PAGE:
The Media Center had its funding axed about a year after my near miss. This came as no surprise as our funding agency -- The Bureau of Education for the Handicapped had never wanted the Center set up in the first place.

I lunched regularly with a charming Irishman named Dan as we discussed the demise of the Center and what we might do in the future. Dan had grown up on a farm and his father taught vocational agriculture at O.S.U. I had long harbored a secret dream of living in the country. Farming isn't that difficult a profession. We formed a partnership, bought ourselves a couple farms in central Ohio and with advice from a number of experts at Ohio State and with the help of Dan's dad began practicing AGRICULTURE. We had a good plan and enough money to get started. Unfortunately, while Dan proved himself an excellent paper-and-pencil farmer, once he mounted a tractor it was adlib.

There followed enough horrific details to fill an entertaining book, several friends have urged me to write. That book has been written. It's called: THE EGG AND I. Our partnership terminated within a year in a rather spectacular manner when Dan fled the state (under a warrant) for $100,000. in bad debts he'd run up without my knowledge. I was able to skin out of the partnership at the eleventh hour and hang onto my farm.

My parents never thought it necessary for either I or my brother to have a plan "B". Having passed through academic, bureaucrat and farmer I embarked on plan "D" - writer. With the farm equipment repossessed, I signed onto every USDA program that might turn a buck and rented the land to those equipped to farm it. I had finally published the massive (760 page) NFB book. Unfortunately with the closing of university film/media departments and programs over the country there was no one to read it. Writing is a pretty cheap profession. At that time all I needed was a typewriter and a few reams of paper.

Distressed by the state of affairs and further by my arguments with the ceiling, my wife returned to her native Canada. She took a secretarial job that paid about twice my starting salary as an academic.

My hobby of guns and shooting proved a good literary field to till, finally becoming my major focus. Owning a farm provided me the added advantage of a place where I could let off a gun (day or night) without a neighbor calling the police. I have written dozens of articles and two books for the firearms press.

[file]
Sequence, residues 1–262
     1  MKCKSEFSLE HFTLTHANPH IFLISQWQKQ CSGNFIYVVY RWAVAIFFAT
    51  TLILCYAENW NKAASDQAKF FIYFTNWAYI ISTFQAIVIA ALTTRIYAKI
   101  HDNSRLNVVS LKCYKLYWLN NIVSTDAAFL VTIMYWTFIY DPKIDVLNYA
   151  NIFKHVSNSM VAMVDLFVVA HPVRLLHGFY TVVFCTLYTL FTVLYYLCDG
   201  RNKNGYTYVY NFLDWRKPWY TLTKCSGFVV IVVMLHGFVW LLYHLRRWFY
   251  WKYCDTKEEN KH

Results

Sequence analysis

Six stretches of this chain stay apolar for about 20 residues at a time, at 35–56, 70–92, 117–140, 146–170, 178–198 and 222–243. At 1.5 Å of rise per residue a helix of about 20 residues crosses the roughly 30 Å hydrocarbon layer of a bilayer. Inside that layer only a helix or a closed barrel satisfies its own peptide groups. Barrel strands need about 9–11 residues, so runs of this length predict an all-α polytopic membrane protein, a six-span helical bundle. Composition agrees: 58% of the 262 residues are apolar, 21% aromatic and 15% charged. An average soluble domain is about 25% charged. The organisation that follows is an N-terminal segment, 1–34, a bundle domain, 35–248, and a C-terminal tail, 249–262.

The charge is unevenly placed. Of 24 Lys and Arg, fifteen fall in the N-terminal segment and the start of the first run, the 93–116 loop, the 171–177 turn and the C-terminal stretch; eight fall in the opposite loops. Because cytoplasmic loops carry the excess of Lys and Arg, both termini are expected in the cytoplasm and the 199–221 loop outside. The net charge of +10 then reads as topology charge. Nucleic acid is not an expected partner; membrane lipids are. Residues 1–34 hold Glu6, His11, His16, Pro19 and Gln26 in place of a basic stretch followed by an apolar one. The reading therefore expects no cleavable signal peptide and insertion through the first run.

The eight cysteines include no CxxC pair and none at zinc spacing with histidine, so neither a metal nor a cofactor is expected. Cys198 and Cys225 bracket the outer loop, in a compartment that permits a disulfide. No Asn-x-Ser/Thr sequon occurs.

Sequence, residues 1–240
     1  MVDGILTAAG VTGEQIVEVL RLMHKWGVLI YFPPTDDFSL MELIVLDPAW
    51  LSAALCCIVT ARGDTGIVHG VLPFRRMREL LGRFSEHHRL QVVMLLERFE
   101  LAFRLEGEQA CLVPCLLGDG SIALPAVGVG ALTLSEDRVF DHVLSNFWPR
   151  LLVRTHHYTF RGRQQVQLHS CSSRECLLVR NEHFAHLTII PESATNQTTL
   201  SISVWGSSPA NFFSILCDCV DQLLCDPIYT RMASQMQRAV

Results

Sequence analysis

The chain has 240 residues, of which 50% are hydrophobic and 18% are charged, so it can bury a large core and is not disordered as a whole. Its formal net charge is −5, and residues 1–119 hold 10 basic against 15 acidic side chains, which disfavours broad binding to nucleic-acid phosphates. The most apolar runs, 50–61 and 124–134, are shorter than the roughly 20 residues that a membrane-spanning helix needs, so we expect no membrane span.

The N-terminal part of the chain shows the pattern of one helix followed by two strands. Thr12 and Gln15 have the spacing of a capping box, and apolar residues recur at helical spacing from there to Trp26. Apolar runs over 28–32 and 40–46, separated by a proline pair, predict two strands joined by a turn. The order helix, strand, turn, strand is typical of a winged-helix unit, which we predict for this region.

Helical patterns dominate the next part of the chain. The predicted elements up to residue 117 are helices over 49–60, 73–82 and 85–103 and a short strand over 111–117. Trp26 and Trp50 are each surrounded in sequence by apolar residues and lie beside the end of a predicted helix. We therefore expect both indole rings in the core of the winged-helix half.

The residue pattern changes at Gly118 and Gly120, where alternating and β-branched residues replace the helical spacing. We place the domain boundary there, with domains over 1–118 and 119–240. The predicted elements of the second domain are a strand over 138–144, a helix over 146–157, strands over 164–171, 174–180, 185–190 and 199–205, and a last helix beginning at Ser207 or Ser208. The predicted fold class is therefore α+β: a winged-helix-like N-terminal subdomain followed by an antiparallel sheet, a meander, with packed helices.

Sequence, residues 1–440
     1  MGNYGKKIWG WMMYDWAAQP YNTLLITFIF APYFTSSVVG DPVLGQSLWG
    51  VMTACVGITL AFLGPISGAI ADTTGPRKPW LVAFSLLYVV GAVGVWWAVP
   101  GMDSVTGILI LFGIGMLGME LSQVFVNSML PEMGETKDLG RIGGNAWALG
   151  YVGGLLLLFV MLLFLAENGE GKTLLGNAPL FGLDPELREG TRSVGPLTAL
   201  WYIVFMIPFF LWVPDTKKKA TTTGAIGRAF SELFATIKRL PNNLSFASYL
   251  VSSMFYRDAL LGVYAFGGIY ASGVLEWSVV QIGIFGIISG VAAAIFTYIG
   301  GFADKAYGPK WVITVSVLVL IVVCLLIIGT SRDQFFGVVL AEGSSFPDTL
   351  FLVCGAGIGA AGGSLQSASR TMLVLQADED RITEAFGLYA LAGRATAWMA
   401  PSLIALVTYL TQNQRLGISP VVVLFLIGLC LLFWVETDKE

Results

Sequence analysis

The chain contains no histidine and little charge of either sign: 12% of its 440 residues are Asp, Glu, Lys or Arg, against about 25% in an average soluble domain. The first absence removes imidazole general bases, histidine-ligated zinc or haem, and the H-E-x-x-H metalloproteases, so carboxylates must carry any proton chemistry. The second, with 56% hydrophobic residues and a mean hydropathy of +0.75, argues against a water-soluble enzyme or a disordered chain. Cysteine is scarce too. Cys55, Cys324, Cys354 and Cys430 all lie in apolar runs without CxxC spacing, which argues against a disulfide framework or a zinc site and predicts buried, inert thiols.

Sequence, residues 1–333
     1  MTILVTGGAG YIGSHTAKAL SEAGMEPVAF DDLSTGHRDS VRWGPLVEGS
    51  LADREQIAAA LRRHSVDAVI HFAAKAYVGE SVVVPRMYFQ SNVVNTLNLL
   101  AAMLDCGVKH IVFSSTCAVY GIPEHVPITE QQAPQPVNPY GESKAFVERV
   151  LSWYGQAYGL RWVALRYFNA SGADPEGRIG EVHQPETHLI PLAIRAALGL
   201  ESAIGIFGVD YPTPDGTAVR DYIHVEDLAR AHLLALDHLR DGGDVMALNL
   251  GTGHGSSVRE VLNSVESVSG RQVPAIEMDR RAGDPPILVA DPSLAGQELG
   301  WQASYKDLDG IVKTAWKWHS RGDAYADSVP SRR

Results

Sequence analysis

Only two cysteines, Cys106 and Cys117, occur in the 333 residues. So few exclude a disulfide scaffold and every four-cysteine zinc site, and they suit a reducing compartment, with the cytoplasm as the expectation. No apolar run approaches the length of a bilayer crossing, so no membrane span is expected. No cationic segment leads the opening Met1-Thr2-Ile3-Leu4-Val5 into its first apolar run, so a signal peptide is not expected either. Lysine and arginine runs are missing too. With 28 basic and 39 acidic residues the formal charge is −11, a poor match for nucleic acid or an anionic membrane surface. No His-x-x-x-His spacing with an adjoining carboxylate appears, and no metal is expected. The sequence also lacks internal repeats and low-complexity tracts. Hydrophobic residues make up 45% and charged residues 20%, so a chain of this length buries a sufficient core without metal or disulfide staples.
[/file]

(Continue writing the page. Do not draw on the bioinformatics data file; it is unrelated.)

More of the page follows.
I had always been fascinated by firearm forensics. In researching a question on firearm lethality I met Jim Hamby, one of the top firearms examiners in the country. Jim was happy to field my questions and provide me with a reading list. When he moved to Indianapolis to head the crime lab he suggested that I come to the training seminar of the Association of Firearm and Tool Mark Examiners for which he was the host. There were interesting papers and lively debates. I got to visit the Police range and shoot machine guns from many lands - pretty close to hog heaven!

I began building a forensic library, writing articles for the AFTE Journal, attending every seminar I could and even did a presentation at the 1998 meeting. About this time Jim suggested that I consider becoming an independent firearms examiner, an idea I would have scoffed at if it had come from anyone else. My credentials have been accepted by the Ohio court system and I have been doing casework since 2000.

The forensic work led to a CSI firearms investigation novel: ORIGINAL CYN A LOVE STORY...WITH GUNS. To my knowledge nobody else is doing firearms and I make sure the technical material is dead on.

In 1993 I began writing about the biggest gun crime of the century - the JFK assassination. Firearm analysis combines with media analysis in, PERSUASIVE EVIDENCE, a serious novel (with comic overtones) on the incredible growth of the conspiracy industry that evolved from the JFK assassination. As could be expected this work takes a careful look at the Oswald rifle probing the question: If there was a major conspiracy by Russians, Cubans, the Mafia, CIA, FBI, WHY didn't the powers allegedly behind Oswald get him something better than an Italian "junker" from the 1890's without enough ammunition to load it fully?

In tracking the career of Clayton Walter Clay -- seeker after truth, gadfly of the conspiracy buffs, the reader is treated to an examination of how the conspiracy notion feeds on EVERYTHING -- positive, negative, whatever, rolling fact, fiction and speculation into an ever-expanding conspiracy of galactic proportions. Clay finds himself sucked into a "black hole" of intrigue to become the accused "second shooter." There is nothing quite like it out there. PERSUASIVE EVIDENCE is currently available on KINDLE @ $2.99.

From an early age I had always fancied writing and living in the country. I'm actually doing it! The living isn't great, but it pays the bills and feeds the cats.
















C. RODNEY JAMES: AMERICA'S TOP U.E. AMPUTEE WRITER
Praise for C. Rodney James